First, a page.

A serious operational failure occurred onboard the Anik E1 spacecraft at geostationary orbit on 26 March 1996 at 2047 UT. The satellite lost half of its solar power panels, thereby causing a reduction by about two-thirds of its communication throughput capacity. In this report we discuss other known operational problems of spacecraft at, or near, geostationary orbit at about the same time as the Anik problem. We also show data from the CANOPUS ground-based array as well as solar, solar wind, and magnetospheric satellites in order to assess environmental conditions that might have played a role in the identified anomalies. We conclude that the high-energy (E>~ 1 MeV) electron flux in the outer magnetosphere was greatly elevated compared to normal, quiescent conditions. The amplitude and the duration (~2 weeks) of relatively high electron fluxes suggests that spacecraft deep-dielectric charging could have played a role in causing, or exacerbating, the Anik E1 problem.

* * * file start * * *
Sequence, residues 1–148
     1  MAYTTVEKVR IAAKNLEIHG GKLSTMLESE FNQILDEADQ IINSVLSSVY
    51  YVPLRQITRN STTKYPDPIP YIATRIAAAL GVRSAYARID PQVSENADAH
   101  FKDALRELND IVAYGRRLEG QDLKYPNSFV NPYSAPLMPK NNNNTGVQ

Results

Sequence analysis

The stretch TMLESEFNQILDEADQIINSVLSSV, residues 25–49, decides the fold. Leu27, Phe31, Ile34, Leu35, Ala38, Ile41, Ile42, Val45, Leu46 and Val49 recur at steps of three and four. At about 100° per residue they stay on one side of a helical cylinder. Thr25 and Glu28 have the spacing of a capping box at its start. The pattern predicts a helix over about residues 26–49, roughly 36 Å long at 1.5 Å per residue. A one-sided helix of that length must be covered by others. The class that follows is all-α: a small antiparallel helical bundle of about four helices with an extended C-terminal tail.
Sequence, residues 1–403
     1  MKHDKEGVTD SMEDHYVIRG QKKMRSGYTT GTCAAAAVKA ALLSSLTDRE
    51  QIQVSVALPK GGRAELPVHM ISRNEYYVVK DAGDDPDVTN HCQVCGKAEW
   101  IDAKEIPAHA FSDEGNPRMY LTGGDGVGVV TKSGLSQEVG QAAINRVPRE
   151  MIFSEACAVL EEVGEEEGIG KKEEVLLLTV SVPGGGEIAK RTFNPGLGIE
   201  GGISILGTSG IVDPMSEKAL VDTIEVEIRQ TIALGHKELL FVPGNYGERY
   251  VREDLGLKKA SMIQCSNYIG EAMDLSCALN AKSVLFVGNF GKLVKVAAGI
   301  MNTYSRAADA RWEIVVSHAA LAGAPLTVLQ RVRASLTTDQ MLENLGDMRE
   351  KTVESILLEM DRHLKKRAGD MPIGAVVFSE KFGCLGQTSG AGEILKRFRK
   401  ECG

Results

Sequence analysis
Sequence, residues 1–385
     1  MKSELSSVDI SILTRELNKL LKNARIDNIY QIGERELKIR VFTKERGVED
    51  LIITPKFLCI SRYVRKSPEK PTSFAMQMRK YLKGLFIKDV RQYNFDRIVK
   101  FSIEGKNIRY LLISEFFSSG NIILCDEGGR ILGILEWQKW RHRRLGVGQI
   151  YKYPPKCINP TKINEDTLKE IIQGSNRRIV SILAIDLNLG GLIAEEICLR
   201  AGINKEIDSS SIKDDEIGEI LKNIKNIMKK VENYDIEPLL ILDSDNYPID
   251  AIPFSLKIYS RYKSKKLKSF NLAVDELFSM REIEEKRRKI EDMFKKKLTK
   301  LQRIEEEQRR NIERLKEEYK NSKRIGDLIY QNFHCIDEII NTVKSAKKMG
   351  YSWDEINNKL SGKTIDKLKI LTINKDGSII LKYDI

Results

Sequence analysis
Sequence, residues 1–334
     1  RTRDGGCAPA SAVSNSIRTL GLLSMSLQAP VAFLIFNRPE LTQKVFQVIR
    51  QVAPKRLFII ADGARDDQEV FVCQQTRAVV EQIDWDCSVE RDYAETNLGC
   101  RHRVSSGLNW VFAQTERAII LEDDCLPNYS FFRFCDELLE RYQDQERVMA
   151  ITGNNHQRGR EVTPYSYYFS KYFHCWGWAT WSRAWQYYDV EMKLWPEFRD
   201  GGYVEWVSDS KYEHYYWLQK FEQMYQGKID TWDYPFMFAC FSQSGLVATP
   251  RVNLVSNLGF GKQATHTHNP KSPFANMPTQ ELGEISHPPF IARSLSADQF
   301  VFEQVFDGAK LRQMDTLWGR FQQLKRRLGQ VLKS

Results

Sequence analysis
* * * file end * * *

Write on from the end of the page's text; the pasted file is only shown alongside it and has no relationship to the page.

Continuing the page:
An Assessment of Space Environmental Conditions During the Recent Anik E1 Spacecraft Operational FailureISTP Newsletter
Citation InformationBaker, D. N., J. H. Allen, R. D. Belian, J. B. Blake, S. G. Kanekal, B. Klecker, R. P. Lepping, X. Li, R. A. Mewaldt, K. Ogilvie, T. Onsager, G. D. Reeves, G. Rostoker, R. B. Sheldon, H. J. Singer, H. E. Spence, and N. E. Turner, An Assessment of Space Environmental Conditions During the Recent Anik E1 Spacecraft Operational Failure, ISTP Newsletter 6, No. 2, p. 8, 1996.